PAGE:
Road Features Extraction Using
Terrestrial Mobile Laser Scanning
PhD thesis, National University of Ireland Maynooth.
In this thesis, we present the experimental research and key contributions we
have made in the field of road feature extraction from LiDAR data. We detail
the development of three automated algorithms for the extraction of road
features from terrestrial mobile LiDAR data. LiDAR data is a rich source
of 3D geo-referenced information whose volume and scale have inhibited the
development of automated algorithms. Automated feature extraction algorithms
enable the wider geospatial industry to transition from traditional
road feature surveying approaches to terrestrial mobile laser scanning technologies.
Our first contribution to this field is an automated road edge extraction
algorithm which can be applied to LiDAR data and navigation information
acquired by mobile survey vehicles. This novel algorithm relies on the combination
of thresholding and a parametric active contour model to precisely
extract road edges. We describe an automated validation algorithm we developed
to determine the accuracy of our road edge extraction algorithm.
Using the extracted road edges, we are able to accurately extract the
road surface from the LiDAR data. This enables us to develop an efficient
automated road marking extraction algorithm which is our second contribution.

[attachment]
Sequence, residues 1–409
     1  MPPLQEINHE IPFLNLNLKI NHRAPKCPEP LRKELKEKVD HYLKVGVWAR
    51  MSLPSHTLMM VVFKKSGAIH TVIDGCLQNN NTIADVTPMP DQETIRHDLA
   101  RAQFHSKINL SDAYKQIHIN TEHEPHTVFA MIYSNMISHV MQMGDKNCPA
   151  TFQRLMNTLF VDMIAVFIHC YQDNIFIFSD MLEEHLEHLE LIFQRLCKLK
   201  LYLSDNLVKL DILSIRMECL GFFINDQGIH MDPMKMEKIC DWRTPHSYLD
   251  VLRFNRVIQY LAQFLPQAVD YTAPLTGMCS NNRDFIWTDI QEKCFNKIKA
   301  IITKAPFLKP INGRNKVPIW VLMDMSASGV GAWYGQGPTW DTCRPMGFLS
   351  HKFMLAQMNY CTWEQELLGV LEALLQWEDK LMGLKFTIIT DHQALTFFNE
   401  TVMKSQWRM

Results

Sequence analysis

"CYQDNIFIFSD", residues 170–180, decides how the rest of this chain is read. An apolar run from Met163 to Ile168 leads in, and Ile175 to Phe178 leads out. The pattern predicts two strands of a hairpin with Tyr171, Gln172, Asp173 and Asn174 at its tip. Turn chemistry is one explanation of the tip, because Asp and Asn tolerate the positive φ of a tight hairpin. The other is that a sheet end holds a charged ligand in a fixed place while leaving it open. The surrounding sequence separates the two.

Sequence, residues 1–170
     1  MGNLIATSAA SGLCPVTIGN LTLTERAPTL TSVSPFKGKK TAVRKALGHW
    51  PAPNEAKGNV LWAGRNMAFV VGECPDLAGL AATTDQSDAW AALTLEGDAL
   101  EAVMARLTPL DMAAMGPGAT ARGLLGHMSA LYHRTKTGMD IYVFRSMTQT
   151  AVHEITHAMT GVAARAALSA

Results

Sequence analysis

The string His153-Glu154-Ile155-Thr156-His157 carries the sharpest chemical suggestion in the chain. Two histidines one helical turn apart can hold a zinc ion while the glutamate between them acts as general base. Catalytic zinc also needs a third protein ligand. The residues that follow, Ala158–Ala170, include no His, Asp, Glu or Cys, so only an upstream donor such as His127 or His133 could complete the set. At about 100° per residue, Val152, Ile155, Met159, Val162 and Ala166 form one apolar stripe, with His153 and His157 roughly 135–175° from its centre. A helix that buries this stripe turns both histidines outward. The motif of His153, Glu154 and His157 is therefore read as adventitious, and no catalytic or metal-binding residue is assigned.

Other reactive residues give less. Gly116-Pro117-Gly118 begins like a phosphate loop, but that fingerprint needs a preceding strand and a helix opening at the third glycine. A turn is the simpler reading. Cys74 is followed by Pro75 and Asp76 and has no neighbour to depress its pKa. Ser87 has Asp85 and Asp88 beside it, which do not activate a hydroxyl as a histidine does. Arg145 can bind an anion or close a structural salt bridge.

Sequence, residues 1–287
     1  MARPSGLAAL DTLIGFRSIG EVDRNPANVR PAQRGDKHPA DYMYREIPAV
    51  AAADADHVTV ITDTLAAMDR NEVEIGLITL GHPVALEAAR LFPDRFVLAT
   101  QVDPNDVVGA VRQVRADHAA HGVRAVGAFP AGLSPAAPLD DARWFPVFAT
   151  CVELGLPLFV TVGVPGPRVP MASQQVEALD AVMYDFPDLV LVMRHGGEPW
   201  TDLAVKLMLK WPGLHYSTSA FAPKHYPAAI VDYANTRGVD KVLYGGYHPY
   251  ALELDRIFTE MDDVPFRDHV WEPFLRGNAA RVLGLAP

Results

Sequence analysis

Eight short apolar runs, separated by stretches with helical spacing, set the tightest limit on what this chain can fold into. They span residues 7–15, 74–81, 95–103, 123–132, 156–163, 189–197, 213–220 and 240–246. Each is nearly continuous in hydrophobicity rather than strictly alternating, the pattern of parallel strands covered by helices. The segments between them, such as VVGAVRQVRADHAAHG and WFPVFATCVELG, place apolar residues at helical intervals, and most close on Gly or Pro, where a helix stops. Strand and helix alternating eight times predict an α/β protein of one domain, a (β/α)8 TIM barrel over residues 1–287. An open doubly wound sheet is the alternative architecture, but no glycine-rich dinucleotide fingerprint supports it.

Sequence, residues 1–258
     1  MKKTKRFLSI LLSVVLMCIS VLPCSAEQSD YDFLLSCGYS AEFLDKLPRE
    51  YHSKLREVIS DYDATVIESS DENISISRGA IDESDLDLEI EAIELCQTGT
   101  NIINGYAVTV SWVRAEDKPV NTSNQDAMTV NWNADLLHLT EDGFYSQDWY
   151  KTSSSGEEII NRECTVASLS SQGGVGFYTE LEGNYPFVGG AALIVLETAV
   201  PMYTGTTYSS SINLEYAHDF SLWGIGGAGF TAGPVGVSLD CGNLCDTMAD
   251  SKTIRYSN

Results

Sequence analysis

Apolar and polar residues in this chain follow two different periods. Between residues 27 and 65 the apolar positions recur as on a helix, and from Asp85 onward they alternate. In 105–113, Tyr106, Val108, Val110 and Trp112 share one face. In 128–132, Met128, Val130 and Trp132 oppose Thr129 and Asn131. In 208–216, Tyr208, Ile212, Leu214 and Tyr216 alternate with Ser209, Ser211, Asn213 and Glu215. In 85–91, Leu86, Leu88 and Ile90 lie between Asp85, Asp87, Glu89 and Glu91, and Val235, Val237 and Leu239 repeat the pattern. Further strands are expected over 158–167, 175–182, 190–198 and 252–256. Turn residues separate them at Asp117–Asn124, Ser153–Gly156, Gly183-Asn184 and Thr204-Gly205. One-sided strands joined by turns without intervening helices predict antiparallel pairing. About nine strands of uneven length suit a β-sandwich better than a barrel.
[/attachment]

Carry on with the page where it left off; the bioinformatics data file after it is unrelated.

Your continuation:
Through the thresholding of the intensity values of road surface LiDAR
points, we can extract the road marking LiDAR points. The third contribution
of this thesis is the development of an automated road roughness
estimation algorithm which is also dependent on the accurate detection of
road surface LiDAR points. We fit a surface grid to the LiDAR points representing
an ideal road surface and measure the elevation difference between
this surface and the actual LiDAR points to compute the surface deviation
along a track representing a vehicle wheel.
We automated these algorithms through exhaustive examination of optimal
parameters and methods for their implementation. To verify these novel
algorithms, we tested them on varying types of road sections representing
rural, urban and national primary road sections. The research work carried
out in the course of this thesis provides valuable insights as well as a prototype
road feature extraction tool-set, for both national road authorities
and survey companies. These findings and knowledge contribute to a more
rapid, cost-effective and comprehensive approach to surveying road networks
which, in turn, enables a more efficient, comfortable and safer journey for all
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